The Rule of Law – Lincoln at Lyceum

“I hope I am over wary; but if I am not, there is, even now, something of ill-omen, amongst us. I mean the increasing disregard for law which pervades the country; the growing disposition to substitute the wild and furious passions, in lieu of the sober judgment of Courts; and the worse than savage mobs, for the executive ministers of justice.”

Lincoln spoke those words in 1837, only 24 years before civil war tore America apart. The future Great Emancipator spoke of mob justice, racially motivated violence, and attacks on American political institutions. Now in 2018, we read of racially motivated shootings at a Pittsburgh synagogue and a Kentucky store, and mail bombs sent to politicians. If 1837 seems similar to 2018, it is…and Americans should do all they can to stop it.

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National Suicide – Comments on Lyceum

In our ongoing study of Lincoln’s words to the Young Men’s Lyceum in Springfield, IL on 27 January 1838, we have briefly examined some of the amazing blessings of America. These include her geography, her resources, her development, and her political institutions. Most people throughout history have been crushed by the boot of tyranny, from Argentina to Japan to Zimbabwe. Even today in China, Russia, Turkey, and many other nations, the light of liberty is flickering, or has gone out. The American people, working through brilliantly conceived and enduring political institutions, have lived in freedom, limited primarily by their own industry and imagination.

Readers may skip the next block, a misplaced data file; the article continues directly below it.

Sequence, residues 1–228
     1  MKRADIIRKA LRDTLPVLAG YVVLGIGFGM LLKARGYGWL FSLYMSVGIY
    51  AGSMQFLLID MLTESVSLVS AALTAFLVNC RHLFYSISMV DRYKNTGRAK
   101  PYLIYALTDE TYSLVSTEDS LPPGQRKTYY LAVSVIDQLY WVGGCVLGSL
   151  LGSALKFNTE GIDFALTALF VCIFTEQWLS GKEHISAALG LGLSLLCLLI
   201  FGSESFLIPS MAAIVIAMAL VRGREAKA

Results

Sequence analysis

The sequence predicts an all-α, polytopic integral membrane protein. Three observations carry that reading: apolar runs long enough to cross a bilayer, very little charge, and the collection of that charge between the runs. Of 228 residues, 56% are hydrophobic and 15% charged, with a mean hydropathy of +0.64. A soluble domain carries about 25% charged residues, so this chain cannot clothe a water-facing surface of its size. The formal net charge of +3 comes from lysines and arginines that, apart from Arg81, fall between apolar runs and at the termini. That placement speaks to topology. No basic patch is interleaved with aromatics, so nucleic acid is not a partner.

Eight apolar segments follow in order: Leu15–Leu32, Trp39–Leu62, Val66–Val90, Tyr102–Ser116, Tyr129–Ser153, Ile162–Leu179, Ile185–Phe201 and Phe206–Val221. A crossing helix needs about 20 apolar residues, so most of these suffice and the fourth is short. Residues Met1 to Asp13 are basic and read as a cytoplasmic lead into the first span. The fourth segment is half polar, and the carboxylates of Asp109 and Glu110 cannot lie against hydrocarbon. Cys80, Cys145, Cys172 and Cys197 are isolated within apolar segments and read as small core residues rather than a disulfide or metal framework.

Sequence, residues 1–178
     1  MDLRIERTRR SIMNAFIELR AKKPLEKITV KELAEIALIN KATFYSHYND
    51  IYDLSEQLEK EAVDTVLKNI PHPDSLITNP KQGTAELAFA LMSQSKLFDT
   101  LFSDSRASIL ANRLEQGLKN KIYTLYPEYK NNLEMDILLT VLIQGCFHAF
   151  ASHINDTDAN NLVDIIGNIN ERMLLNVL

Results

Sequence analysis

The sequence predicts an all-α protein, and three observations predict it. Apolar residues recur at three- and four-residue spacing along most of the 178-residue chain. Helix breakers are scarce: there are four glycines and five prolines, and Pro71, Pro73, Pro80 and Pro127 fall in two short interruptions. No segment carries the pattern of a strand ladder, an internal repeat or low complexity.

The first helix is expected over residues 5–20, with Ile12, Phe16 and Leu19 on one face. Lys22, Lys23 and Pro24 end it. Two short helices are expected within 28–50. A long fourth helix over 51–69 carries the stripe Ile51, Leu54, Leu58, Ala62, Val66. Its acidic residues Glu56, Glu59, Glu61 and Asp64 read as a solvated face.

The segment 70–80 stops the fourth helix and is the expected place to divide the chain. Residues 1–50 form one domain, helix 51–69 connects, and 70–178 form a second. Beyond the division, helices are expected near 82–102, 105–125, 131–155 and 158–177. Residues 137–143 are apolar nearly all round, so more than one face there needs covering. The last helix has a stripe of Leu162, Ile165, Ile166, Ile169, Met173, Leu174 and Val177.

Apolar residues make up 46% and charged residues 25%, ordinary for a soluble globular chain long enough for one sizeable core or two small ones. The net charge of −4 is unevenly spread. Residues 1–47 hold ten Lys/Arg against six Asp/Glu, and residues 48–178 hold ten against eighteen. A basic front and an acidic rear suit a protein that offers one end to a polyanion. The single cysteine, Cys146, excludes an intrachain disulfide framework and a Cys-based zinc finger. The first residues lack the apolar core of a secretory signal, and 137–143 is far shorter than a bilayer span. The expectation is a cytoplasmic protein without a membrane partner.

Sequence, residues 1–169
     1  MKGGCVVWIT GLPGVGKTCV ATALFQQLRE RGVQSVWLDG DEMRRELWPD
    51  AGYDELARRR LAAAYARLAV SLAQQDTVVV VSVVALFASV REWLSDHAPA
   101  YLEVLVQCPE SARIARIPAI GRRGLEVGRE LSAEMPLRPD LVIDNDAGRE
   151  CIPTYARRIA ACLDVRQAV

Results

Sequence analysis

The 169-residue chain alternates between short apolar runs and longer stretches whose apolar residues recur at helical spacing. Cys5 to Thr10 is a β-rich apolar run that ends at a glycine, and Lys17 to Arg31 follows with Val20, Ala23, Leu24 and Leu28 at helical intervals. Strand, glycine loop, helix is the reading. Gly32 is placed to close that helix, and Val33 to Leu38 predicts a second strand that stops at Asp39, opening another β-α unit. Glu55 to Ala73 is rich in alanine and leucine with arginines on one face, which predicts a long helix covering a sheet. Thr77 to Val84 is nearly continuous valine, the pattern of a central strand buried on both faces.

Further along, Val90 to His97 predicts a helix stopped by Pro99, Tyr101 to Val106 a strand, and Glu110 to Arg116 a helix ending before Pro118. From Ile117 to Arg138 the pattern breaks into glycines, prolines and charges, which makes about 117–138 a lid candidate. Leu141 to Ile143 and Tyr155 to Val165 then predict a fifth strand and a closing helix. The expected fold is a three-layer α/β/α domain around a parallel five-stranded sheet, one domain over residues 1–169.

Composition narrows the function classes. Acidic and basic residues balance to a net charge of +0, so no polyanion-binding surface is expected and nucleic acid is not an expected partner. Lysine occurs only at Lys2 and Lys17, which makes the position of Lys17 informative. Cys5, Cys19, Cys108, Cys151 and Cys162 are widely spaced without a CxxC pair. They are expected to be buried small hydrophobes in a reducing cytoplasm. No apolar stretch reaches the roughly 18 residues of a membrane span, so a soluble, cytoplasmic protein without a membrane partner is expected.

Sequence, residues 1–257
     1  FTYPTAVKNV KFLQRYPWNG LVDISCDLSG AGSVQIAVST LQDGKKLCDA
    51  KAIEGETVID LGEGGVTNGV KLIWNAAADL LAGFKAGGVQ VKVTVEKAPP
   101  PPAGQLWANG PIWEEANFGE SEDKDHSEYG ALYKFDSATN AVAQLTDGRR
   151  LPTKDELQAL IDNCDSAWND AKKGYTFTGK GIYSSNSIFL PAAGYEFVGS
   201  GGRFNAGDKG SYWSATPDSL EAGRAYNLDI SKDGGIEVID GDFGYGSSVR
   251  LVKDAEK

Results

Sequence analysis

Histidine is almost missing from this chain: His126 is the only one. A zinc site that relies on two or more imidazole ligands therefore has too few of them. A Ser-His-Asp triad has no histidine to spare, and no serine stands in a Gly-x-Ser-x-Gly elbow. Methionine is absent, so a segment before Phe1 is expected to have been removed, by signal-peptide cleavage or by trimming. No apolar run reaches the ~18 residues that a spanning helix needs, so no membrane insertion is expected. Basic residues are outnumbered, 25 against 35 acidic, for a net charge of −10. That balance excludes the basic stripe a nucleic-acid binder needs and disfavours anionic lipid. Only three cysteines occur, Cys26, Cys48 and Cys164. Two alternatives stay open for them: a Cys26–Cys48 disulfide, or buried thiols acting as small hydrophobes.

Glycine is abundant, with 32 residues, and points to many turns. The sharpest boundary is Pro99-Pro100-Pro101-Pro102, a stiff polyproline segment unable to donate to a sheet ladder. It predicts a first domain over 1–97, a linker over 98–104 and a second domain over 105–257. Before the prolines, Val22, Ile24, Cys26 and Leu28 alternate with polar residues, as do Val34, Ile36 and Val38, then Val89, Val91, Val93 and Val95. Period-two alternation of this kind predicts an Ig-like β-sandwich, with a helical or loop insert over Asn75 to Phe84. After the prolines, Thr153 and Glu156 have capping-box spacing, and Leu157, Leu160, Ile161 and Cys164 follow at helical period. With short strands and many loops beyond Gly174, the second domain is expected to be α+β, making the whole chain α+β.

We have also discussed the men and women who made the United States the amazing country that it is. As heirs to their wisdom and to their labors, we must be grateful. As heirs to their folly and mistakes, we must be humble, because it is not clear that we are any wiser, or any more industrious, than they were. Looking at the United States today, one wonders if we are not greater fools and greater sluggards. Those who cast aside the Greek democracy and the Roman Republic thought they were building better societies.

Today we must explore Lincoln’s next passage, asking where the danger to America would come.

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Grateful to our Fathers – Comments on Lyceum

Showing gratitude to our fathers for American government is a good idea for us today

“We, when mounting the stage of existence, found ourselves the legal inheritors of these fundamental blessings. We toiled not in the acquirement or establishment of them–they are a legacy bequeathed us, by a once hardy, brave, and patriotic, but now lamented and departed race of ancestors. Their’s was the task (and nobly they performed it) to possess themselves, and through themselves, us, of this goodly land; and to uprear upon its hills and its valleys, a political edifice of liberty and equal rights; ’tis ours only, to transmit these, the former, unprofaned by the foot of an invader; the latter, undecayed by the lapse of time and untorn by usurpation, to the latest generation that fate shall permit the world to know. This task of gratitude to our fathers, justice to ourselves, duty to posterity, and love for our species in general, all imperatively require us faithfully to perform.”